There is often talk about post-June 1 cuts regarding NFL rosters, but what is the significance of a player released before or after June 1? Answer: The player’s salary cap hit, which the releasing team is responsible for, will be accounted for differently.
It is necessary to understand how certain salary is a accounted for under NFL salary cap rules before one can understand the benefits of a post June 1 release.
Specific types of payments are prorated or spread out evenly throughout a player’s contract, up to a maximum of five years.
The most well known one is the signing bonus.
If a player receives a $5 million signing bonus for a five-year contract, the player gets a $5 million check upon signing, but the money is prorated for salary cap purposes—counting $1 million per year for each year of the contract, including the year it is signed. This is a way of giving players a bigger payment with less of a cap hit, but there is a potential downside called acceleration.
If the above player is released after year-one of his five-year deal (4yrs remaining), the $1 million yearly signing bonus payment—spread out in the contract—now accelerates, or is added altogether, onto the current year’s cap. It becomes dead money or a cap charge for a player no longer with the team.
Under this scenario, if the player was released before June 1, assuming the contract was signed in 2014, the team would lose $4 million in cap space for 2015. But if the player is released after June 1, the team has a dead money cap charge of $1 million in 2015 and $3 million in 2016. The team still has a dead money hit of $4 million, but the acceleration (adding together of the prorated bonus) now takes place in the following season.
So a post-June 1 release gives a team more resources in the current year, which they may need, and pushes portions of the charge to the next year.
This is why some veteran players might become available after June 1. Teams have had their draft and gotten a look at younger players who could push out a high priced veteran. This isn’t to say the released veteran player isn’t good, but finances might cause a team to go with the cheaper player.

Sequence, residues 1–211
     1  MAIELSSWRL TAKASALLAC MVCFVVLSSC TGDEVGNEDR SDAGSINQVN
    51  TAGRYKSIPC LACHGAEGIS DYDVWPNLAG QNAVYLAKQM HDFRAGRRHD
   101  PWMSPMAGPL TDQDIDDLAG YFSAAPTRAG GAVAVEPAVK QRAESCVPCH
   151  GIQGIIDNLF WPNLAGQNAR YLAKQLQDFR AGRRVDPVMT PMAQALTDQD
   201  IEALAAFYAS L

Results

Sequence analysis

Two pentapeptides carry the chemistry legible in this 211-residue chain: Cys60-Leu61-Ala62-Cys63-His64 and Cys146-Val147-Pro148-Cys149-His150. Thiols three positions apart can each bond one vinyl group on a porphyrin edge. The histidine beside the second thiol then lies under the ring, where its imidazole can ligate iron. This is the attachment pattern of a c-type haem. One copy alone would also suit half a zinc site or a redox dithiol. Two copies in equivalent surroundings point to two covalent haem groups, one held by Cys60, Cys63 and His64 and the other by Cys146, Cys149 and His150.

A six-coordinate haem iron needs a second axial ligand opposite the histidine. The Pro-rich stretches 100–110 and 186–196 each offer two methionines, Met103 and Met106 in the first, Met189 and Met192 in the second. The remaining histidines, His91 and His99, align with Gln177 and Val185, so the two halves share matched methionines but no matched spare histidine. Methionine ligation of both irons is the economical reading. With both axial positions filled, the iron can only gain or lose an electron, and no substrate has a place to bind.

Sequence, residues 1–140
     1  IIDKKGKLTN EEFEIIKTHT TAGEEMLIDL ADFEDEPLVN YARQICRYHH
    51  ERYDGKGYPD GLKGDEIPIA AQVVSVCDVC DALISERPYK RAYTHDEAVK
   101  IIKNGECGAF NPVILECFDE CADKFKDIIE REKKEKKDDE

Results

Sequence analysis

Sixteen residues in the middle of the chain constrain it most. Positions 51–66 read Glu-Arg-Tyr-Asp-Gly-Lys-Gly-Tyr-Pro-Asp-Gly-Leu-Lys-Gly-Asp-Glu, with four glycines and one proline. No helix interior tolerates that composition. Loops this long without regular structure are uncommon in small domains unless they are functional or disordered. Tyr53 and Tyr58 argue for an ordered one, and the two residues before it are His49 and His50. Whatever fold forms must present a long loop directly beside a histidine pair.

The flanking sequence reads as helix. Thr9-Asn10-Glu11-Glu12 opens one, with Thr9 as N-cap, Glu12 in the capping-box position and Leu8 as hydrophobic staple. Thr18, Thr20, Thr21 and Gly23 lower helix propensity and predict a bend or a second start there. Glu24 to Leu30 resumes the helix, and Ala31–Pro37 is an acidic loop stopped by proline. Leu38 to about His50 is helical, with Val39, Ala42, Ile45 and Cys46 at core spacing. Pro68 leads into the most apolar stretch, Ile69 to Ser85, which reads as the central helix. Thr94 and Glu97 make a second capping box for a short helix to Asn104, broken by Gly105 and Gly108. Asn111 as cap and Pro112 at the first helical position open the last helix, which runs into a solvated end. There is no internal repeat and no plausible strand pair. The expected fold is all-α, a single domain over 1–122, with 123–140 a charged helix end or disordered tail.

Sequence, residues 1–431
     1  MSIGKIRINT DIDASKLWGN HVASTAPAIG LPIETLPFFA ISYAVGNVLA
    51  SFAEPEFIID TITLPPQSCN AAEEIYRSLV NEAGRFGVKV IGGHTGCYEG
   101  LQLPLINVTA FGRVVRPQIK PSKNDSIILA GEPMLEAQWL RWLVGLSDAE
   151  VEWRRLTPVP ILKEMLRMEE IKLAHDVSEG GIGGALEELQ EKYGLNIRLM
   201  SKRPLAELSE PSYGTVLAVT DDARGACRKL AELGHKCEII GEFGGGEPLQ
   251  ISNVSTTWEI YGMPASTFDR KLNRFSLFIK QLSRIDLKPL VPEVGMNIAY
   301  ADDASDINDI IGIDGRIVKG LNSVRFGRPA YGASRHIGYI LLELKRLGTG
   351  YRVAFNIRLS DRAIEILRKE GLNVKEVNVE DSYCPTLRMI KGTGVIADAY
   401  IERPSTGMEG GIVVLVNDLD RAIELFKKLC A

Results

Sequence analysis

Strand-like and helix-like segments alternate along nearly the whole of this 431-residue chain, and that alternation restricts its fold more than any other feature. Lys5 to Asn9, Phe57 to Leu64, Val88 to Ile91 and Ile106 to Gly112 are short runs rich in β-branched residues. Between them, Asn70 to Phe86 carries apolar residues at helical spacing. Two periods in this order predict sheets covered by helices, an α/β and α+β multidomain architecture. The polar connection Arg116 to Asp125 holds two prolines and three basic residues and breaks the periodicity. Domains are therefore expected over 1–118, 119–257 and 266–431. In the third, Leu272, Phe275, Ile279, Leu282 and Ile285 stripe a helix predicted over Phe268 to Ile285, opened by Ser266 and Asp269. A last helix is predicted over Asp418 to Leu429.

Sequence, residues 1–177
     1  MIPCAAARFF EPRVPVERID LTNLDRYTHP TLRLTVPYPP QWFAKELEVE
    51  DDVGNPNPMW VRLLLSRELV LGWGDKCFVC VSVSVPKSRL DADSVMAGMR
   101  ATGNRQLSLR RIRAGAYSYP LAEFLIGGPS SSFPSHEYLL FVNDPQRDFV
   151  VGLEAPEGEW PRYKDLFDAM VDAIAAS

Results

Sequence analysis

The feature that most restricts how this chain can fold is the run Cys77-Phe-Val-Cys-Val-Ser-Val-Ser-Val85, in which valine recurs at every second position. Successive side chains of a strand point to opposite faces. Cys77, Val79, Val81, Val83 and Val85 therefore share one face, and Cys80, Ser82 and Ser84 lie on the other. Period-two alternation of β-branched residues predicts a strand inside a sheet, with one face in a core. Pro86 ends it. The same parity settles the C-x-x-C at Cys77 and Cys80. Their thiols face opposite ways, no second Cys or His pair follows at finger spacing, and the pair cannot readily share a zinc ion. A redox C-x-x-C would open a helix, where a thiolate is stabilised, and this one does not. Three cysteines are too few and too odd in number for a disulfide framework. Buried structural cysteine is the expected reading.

According to NFLPA records, the Kansas City Chiefs are about $2.5 million under their cap, and are in need of creating some space. They are likely to cut cornerback Brandon Flowers, but after June 1, because it will create $7.5 million in 2014 cap space, pushing $4 million in dead money to the 2015 cap. If Flowers were released before June 1, it would only create $3.5 million on the 2014 cap, but no charge for him in 2015.
Under the NFL’s Collective Bargaining Agreement (CBA), each team can designate two players as a post-June 1 release, even if they are actually released before that date. The team’s salary cap stays the same, as if the player is still on the team, until June 2—when they get their cap relief.
Former Dallas Cowboys receiver Miles Austin was given this designation since the Cowboys knew they were going to release Austin after the 2013 season, but wanted to get the post-June 1 2014 cap benefit. By giving him the designation, it allowed Austin to look for a new team—which he now has found with the Cleveland Browns—without having to wait until June 2, and the Cowboys get the cap relief they seek.